Correction to Previous News Story
A previous news publication titled, “Lanseria International Airport in conjunction with Kulula Airlines is set to double passenger number to more than four million” may have caused some confusion among readership.
While Kulula Airlines is one of the airlines operating out of Lanseria International Airport, this update is to further clarify that Kulula Airline is not working together with Lanseria in regards to the expansion, but is rather one of many airlines that will aid in servicing current and future patrons of the airport during and post expansion efforts.
Correction: No Airline Given Preferential Treatment
While no special treatment was indicated in the previous news article, this news update is to clarify that no airline operating out of Lanseria International will be receiving any special treatment or allocation of passengers as it relates to the expansion and growth of the airport.
Lanseria’s Ambitious Plans for Expansion
Lanseria International Airport in Johannesburg, which is the fourth largest airport by passenger numbers in South Africa, reports that it hopes to double its passenger number to more than four million. This plan is scheduled to unfold over the course of the next six years, with the additional capacity being serviced by a number of airlines operating out of the airport, including but not limited to, Mango, FlySafair and Kulula Airlines.
In 2017, Lanseria transported a little over 1.9 million passengers. With competition stemming from 20 other local airports, Lanseria seems well-positioned to accomplish its goal.
Per Lanseria’s CEO, Rampa Rammopo, the airport hopes to overcome King Shaka International Airport, located in Durban, as South Africa’s third-largest airport. The first and second positions belong to Cape Town International Airport and O.R. Tambo International Airport, respectively.
While the airport plans to increase its numbers to six million passengers by the year 2027, it has a goal of expansion to 18 million passengers per year, by 2050. In order to achieve this proposed plan for growth, the terminal building of Lanseria airport must be extended. In all, the general arrangement will need to be improved, which includes the transfer of the fuel farm and the airport’s mechanical facilities to another location.
Rammopo stated, “There is vacant land where we can develop a hotel as well as an office building”. He clarified that the airport had already completed its first desktop version of the expansion.
He went on to state that the airport currently accommodated domestic flights; those flights are typically destined for Cape Town, Durban and also George. These routes have been in effect since 1974.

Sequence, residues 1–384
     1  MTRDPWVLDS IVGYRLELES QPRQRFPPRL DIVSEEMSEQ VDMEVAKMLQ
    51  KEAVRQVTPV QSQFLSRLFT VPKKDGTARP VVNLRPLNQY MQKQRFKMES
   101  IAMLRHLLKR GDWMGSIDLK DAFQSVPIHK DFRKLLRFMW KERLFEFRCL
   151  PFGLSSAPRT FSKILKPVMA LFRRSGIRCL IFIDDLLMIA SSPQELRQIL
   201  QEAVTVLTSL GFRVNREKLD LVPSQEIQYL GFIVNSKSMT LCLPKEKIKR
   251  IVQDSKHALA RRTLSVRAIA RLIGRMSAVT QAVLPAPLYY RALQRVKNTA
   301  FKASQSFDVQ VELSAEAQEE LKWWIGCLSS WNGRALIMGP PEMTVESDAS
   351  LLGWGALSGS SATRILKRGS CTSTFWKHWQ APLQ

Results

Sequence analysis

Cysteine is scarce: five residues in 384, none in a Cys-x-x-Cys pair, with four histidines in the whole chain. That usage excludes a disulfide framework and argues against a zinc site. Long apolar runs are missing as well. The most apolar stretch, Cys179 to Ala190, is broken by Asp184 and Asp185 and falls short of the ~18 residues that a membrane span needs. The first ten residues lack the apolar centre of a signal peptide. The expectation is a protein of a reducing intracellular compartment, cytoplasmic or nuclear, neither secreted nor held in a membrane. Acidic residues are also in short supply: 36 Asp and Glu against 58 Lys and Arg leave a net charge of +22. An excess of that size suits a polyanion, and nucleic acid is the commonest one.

Airlines that Operate out of Lanseria
There are three budget airlines that run flights out of Lanseria, one of which is Kulula Airlines. Commercial airlines have been flying out of Lanseria since 2006 with Kulula leading the charge that same year. Kulula flights provide a cost-effective option for travel to domestic locations such as Johannesburg, Cape Town and Port Elizabeth.
Rammopo stated, “Our vision is to be a regional airport catering mainly for the South African Development Community and the sub-Saharan region”.
Lanseria has been receiving complaints about the cost of their long-term parking option. Plans are already in place to expand the airport’s parking space. Lanseria will spend R250 million to add an additional 1,000 parking spaces. This expansion will increase the airport’s total number of parking spaces to 4,000. A three-story parking garage will be built opposite the main airport building to facilitate this expansion. Attention has been paid to this issue following phone call saying something must be done about their long-term parking.
Feasibility of the Project
Currently, Laneria is designated as a single runway airport. The cost of an additional runway, which could accommodate international airlines, would cost between R1 billion and R2 billion.
The most recent Gautrain feasibility study reports that the rapid rail facility may eventually include a stop at Lanseria airport; however, this development may not occur for at least another ten years. Rammopo reported that Lanseria is looking at investing in a dedicated cargo facility. Time will tell how quickly these developments come to fruition.
Lanseria airport is privately owned by the Public Investment Corporation, Nozala Investment Holdings and the Pan African Infrastructure Development Fund.